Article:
The Pros and Cons of Sharing Online

From http://www.omaha.com/sarpy/ralston/reid-adler-had-a-vigor-for-life/article_279a98f8-2940-59b4-989c-8d5db0ced411.html

The Message that The Internet is Forever…

Yesterday I met a mother whose middle son died by suicide. She bravely shared about his life cut short because of two bad decisions. At some point last year he took an inappropriate picture and shared it, privately.

When that picture became public, after being tormented with the possibility for no one knows how long, he decided that humiliation was more than he could bear. His life ended at aged 15. 

How many times have we told our children,

Teachers Among Us

speech note

Imagine living in a world where people of influence openly claim someone you love is not worthy of life? Can you imagine what it’s like to have your own child’s value, as a human being, debated? A world where you regularly encounter the opinion of scientists and doctors who are literally working to eliminate the entire segment of humanity of which your child is a part…and it all happens without public outrage.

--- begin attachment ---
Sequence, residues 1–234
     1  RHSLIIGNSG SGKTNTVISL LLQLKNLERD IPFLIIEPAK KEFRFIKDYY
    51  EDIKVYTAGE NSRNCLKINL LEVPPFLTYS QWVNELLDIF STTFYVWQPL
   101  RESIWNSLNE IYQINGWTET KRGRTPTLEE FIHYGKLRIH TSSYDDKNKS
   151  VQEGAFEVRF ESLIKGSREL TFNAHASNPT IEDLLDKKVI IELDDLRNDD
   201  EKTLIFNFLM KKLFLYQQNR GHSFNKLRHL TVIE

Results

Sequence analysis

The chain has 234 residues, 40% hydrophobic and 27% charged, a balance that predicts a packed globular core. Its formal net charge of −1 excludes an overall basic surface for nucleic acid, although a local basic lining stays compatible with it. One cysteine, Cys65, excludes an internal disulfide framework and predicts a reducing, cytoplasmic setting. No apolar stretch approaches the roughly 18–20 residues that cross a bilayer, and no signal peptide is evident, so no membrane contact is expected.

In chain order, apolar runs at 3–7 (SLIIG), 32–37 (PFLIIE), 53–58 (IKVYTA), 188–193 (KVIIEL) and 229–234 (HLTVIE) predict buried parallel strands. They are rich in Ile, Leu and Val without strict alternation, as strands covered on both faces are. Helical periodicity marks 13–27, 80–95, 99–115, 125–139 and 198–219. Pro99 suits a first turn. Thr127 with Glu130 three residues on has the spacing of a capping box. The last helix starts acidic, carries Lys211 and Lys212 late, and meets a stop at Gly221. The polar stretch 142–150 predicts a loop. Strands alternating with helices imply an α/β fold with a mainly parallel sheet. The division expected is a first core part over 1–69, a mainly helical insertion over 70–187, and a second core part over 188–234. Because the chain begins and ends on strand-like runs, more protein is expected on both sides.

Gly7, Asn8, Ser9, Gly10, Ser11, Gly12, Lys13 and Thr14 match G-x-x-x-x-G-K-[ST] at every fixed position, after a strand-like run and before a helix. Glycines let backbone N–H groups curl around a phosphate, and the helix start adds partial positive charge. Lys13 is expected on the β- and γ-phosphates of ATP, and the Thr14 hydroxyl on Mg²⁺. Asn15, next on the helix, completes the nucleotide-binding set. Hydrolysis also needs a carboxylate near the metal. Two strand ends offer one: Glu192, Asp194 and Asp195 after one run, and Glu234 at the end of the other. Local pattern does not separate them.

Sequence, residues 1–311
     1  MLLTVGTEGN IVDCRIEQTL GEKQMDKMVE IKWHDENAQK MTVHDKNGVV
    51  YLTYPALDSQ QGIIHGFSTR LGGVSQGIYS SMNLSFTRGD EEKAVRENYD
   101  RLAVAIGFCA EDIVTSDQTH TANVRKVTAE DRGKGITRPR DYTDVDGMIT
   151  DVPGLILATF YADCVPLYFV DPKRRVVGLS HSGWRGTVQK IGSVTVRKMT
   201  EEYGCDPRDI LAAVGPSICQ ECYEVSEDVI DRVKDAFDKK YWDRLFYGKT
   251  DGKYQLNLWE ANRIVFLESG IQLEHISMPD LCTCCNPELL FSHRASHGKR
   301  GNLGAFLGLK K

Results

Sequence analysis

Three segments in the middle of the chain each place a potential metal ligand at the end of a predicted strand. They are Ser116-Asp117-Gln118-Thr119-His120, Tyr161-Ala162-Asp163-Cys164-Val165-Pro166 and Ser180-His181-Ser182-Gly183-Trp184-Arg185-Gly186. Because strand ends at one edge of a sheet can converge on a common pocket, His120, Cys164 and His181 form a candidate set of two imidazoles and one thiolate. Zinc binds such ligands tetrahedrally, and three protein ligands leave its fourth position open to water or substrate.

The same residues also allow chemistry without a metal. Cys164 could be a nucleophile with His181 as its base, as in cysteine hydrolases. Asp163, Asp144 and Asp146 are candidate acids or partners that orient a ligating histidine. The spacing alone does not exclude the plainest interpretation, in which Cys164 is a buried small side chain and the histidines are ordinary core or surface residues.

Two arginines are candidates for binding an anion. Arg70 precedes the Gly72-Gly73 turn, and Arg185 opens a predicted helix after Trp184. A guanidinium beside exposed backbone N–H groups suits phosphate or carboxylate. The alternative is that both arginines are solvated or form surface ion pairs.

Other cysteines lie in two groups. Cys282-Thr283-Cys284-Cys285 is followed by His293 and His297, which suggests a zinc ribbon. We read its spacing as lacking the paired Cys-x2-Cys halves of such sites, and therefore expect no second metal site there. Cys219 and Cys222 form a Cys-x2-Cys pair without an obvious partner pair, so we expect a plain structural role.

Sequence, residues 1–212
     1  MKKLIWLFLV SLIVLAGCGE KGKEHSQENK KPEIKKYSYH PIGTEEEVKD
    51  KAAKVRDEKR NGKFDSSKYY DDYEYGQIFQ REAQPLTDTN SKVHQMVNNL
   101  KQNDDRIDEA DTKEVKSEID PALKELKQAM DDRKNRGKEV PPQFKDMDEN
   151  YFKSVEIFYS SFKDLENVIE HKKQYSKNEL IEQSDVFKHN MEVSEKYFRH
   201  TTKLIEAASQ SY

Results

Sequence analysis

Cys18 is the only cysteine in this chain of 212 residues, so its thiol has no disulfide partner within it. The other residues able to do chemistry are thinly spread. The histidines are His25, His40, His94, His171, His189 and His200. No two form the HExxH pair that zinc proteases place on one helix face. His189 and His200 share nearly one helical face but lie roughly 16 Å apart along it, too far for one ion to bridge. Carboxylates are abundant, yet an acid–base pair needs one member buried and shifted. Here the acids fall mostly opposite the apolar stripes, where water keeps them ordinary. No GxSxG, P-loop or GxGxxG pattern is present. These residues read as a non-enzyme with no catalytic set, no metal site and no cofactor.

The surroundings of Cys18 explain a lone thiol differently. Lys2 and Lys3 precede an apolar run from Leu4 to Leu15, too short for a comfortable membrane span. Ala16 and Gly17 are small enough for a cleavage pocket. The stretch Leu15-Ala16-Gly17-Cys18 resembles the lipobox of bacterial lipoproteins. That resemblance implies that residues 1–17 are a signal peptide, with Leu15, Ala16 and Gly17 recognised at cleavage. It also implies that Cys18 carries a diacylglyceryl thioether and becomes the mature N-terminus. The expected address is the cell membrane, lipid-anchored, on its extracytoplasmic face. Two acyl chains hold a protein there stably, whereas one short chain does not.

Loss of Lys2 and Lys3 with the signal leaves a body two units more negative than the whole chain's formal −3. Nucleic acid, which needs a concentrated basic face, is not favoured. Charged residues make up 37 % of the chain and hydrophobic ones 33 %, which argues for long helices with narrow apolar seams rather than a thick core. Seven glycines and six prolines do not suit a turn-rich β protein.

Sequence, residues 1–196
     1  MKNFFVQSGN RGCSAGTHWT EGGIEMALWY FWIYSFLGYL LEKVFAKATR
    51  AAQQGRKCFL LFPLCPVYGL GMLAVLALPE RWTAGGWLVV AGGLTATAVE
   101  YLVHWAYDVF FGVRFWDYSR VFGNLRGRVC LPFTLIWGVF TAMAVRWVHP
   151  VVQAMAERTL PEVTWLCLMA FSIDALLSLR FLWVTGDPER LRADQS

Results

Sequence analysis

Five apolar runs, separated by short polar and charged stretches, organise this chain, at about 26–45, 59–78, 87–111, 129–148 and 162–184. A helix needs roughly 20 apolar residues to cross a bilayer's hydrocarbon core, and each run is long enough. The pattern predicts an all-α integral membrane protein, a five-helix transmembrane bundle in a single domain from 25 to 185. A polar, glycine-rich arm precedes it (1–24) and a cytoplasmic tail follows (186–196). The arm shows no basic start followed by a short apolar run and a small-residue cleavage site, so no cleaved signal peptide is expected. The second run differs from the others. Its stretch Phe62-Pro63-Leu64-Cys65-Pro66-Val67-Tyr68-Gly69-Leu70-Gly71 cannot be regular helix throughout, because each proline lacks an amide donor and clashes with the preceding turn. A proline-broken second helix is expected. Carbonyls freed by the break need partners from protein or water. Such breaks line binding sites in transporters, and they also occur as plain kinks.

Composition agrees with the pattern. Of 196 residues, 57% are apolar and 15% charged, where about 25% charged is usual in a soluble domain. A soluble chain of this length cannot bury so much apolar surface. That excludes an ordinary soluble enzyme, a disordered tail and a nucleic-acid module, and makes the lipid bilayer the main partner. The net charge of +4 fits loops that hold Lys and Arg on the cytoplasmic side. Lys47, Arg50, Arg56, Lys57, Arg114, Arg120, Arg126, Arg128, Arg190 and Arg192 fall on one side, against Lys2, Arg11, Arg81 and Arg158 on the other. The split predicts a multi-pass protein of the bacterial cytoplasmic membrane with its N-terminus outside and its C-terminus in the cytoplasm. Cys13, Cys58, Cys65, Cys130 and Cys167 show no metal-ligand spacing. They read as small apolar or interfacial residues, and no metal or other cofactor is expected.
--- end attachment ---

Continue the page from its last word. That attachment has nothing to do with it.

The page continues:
It’s not hard for me to imagine

Response to “Those Mongols”

“Those Mongols”

The recently publicized quote from a UK public official using the term “mongols” as a descriptor of people with Down syndrome reminded me of the reason I won’t be seeing David Sedaris perform live when he comes through town next year. 

In his book, Naked, David Sedaris tells us about his time as a volunteer at a mental institution during his youth, including this anecdote:

“The day proceeded, everything from a mongoloid teenager with an ingrown toenail to a self-proclaimed swami who had fashioned himself a turban of urine-soaked towels.

Your Day, Change the World, and LifewithDs

Here on Change the Your World Wed I want to share a project spearheaded by another momma - Meriah Nichols - #LifewithDs Even if, well actually, especially if you don’t have a forum of your own, like a blog or website, go to this spot A Day In the Life with Down Syndrome and share “a day in the life.” Parents, self-advocates, siblings, and/or friends and caregivers, anyone who is a part of the Ds community is welcome to share their story about a day in the life.